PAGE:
Update 23. 06. 2019: Ethiopia Prime Minister Abiy Ahmed, the former spy-chief of the country who was installed by an US-led soft coup, says country's armed forces chief of staff, General Seare Mekonnen, has been shot following unrest in the northern Amhara region. READ
Update 22. 06. 2019: Breaking: An attack against officials in Bahir Dar / Amhara started at 16:00 local time and the news had already reached Finfinnee 20 minutes later. The attack against the Chief of Staff of the Army was then conducted at 21:00 local time.
Confirmed 4 senior officials killed in an attempted coup
• General Seare Mekonnen - Army Chief
• General Gezai Abera - Senior Military General
• Ambachew Mekonnen(PhD) - President, Amhara Regional State
• Ezez Wasie - Senior adviser of the president
High time that peaceful Oromiya kicks out all these warmongers and establishes it own state independently.
Update 22. 06.2019: Despite all the horrors for the Oromo people, Ethiopia has been named as the world's most welcoming country. While it is true that especially the Oromo are very hospitable and friendly people, the governance makes sure that tourists don't venture into Oromiya or the Ogaden. Tourism under total surveillance. WATCH OUT
The horrors just got worse for the Oromo people, who struggle for their independence but do not even receive their constitutionally guaranteed autonomy.
By OSG - 1. July 2019
When Abiy Ahmed was brought to power in an US-led soft-coup, the trained and actively operating spy-chief sold himself to the international community and their mainstream media as an ethnic Oromo, making many believe the previous dictatorship and the crisis for the century-long oppressed Oromo people would have come with his selection finally to an end. Nothing could be farther from the truth.
The extra-judicial killing and arbitrary arrest of alleged Oromo Liberation Front (OLF) supporters since December 2018 has created a situation in Oromia very similar to that in 1991-2 when thousands of OLF supporters were killed and scores of thousands detained and tortured.
The good will and support for Ethiopia from the international community helped to maintain the abusive regime of previous prime minister Meles Zenawi, then in power. The current silence about the killings and widespread imprisonment is eerily reminiscent of that time.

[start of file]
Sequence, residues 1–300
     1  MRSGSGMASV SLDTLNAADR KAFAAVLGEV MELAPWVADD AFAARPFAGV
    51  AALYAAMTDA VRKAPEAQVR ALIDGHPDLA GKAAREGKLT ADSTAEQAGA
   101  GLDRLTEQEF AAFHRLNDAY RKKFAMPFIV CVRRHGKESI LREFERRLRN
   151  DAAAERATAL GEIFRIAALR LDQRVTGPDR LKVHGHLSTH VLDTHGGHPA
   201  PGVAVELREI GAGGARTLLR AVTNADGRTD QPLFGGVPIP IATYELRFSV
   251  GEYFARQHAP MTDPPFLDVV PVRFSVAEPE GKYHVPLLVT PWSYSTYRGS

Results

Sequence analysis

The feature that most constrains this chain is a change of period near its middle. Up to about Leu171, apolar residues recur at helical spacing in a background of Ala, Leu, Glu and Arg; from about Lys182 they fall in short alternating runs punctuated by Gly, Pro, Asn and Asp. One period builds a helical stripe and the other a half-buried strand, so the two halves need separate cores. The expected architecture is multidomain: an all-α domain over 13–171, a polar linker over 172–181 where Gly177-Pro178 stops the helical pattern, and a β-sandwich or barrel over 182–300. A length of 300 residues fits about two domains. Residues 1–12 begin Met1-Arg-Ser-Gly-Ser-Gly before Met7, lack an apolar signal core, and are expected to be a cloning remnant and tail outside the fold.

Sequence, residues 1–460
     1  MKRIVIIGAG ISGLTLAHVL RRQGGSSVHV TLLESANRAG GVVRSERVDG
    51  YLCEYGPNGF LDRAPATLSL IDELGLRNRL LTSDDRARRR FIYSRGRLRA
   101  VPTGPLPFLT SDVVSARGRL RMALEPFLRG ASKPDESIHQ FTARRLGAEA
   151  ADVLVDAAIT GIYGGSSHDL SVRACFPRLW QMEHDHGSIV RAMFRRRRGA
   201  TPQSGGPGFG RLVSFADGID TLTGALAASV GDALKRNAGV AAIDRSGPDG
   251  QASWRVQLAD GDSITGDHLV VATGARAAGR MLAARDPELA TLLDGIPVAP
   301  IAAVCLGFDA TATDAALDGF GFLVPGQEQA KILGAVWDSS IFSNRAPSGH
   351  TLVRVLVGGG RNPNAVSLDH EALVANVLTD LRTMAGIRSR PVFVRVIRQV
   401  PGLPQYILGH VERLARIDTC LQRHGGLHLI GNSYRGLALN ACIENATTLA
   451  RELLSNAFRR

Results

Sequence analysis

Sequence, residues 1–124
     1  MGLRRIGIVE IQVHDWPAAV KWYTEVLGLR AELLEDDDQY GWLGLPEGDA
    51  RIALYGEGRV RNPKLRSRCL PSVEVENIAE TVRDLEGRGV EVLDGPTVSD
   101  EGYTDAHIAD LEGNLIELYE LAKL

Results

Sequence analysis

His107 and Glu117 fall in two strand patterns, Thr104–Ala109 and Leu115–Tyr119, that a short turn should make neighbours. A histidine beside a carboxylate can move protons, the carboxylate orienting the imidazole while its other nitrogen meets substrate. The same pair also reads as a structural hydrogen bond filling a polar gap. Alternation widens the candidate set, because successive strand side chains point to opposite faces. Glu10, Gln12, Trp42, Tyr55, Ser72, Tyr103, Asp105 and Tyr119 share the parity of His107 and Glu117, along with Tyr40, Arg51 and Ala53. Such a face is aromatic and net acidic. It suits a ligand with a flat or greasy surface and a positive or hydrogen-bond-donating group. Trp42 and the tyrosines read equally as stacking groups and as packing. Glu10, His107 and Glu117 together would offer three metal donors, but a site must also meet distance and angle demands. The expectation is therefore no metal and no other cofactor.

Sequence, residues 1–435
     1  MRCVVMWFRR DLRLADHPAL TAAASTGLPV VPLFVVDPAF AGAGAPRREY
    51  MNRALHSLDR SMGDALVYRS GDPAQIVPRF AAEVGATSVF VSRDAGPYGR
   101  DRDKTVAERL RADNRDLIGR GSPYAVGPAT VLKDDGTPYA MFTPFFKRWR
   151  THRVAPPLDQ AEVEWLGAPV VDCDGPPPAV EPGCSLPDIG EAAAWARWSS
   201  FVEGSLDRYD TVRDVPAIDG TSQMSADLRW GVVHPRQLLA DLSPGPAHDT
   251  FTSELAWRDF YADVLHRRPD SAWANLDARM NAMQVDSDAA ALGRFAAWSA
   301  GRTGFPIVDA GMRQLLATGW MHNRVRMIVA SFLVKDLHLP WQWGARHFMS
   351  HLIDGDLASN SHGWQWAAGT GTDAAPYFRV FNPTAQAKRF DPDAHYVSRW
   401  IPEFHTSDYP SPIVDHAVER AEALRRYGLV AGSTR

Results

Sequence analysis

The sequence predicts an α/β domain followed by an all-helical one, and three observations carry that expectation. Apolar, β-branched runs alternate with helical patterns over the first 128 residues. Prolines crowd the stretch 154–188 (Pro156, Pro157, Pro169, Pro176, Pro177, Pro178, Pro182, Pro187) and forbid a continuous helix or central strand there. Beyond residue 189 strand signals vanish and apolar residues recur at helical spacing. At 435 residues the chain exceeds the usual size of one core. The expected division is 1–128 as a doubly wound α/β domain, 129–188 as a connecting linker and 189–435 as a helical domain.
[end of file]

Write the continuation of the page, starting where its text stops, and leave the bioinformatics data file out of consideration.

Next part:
Many reports have been sent to the Oromia Support Group Australia (OSG) since December 2018 and this report is a summary of the information received by OSG, the Oromo organization that recently received UN special consultative status and is able to separate propaganda from facts.
This report includes information on about 163 extra-judicial killings and the arbitrary detention of at least 933 persons - all due to their alleged support for the Oromo Liberation Front, which officially returned to Ethiopia in September 2018.
Catastrophic breaking news: 537 vultures found poisoned in dark day for Botswana conservation
It also shows that wildlife protection in Botswana can't be trusted and Elephant sport-hunting as well as culling must be banned again. Only the San and other aboriginal hunters must retain their ancient rights to hunt within their traditional culture for their sustainance.
Botswana’s Department of Wildlife and National Parks (DWNP) has announced only today that they had recently identified a poisoning site with 537 dead vultures (comprising 5 species) and also found two tawny eagles killed by the strong poison.
The site of the mass poisoning was identified as Wildlife Management Area CT 1 in the Central District. This former trophy hunting area is close to the Botwana and Zimbabwe border, near Zimbabwe’s Hwange National Park. Three poached elephant carcasses were laced with poison, which led to the vulture deaths.
David Attenborough’s worried about this ocean threat - and it’s not plastic
By Emma Charlton (*) - 18 June 2019
If the ocean was an economy, it would be the seventh largest in the world.
But instead of fostering it as a resource, humans are jeopardising its future – using it as a garbage dump and fishing it dry.
Broadcaster and naturalist Sir David Attenborough has warned our waters are facing the biggest threat in their history, with industrial overfishing putting the entire ecosystem at risk. Seafood is a key source of protein for people around the world, but nearly 90% of the world’s marine fish stocks are now fully exploited, overexploited or depleted, according to Friends of Ocean Action, a group of more than 50 global leaders, convened by the World Economic Forum and World Resources Institute.
By Adam Cruise (*) -
Elephant populations continue to decline alarmingly due to rampant poaching, the continuation of the ivory trade and unregulated trophy hunting